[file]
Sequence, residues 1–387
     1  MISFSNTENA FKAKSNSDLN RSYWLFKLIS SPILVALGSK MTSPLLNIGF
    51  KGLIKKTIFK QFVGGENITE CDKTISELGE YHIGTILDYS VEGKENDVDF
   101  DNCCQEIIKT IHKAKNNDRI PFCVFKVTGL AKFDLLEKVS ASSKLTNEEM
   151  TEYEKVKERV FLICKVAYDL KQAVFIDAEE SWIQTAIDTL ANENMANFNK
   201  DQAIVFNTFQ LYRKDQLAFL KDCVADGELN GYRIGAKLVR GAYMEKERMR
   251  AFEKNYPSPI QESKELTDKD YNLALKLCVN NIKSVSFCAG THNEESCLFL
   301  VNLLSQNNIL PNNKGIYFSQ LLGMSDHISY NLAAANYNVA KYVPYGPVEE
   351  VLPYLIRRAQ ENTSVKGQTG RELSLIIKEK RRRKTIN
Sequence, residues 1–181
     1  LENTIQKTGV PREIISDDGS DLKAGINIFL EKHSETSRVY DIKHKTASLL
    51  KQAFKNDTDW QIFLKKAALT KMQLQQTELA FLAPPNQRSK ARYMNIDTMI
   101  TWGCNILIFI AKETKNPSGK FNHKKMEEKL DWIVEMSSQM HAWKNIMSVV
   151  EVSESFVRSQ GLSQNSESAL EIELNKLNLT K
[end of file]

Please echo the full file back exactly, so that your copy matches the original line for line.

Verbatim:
Sequence, residues 1–387
     1  MISFSNTENA FKAKSNSDLN RSYWLFKLIS SPILVALGSK MTSPLLNIGF
    51  KGLIKKTIFK QFVGGENITE CDKTISELGE YHIGTILDYS VEGKENDVDF
   101  DNCCQEIIKT IHKAKNNDRI PFCVFKVTGL AKFDLLEKVS ASSKLTNEEM
   151  TEYEKVKERV FLICKVAYDL KQAVFIDAEE SWIQTAIDTL ANENMANFNK
   201  DQAIVFNTFQ LYRKDQLAFL KDCVADGELN GYRIGAKLVR GAYMEKERMR
   251  AFEKNYPSPI QESKELTDKD YNLALKLCVN NIKSVSFCAG THNEESCLFL
   301  VNLLSQNNIL PNNKGIYFSQ LLGMSDHISY NLAAANYNVA KYVPYGPVEE
   351  VLPYLIRRAQ ENTSVKGQTG RELSLIIKEK RRRKTIN
Sequence, residues 1–181
     1  LENTIQKTGV PREIISDDGS DLKAGINIFL EKHSETSRVY DIKHKTASLL
    51  KQAFKNDTDW QIFLKKAALT KMQLQQTELA FLAPPNQRSK ARYMNIDTMI
   101  TWGCNILIFI AKETKNPSGK FNHKKMEEKL DWIVEMSSQM HAWKNIMSVV
   151  EVSESFVRSQ GLSQNSESAL EIELNKLNLT K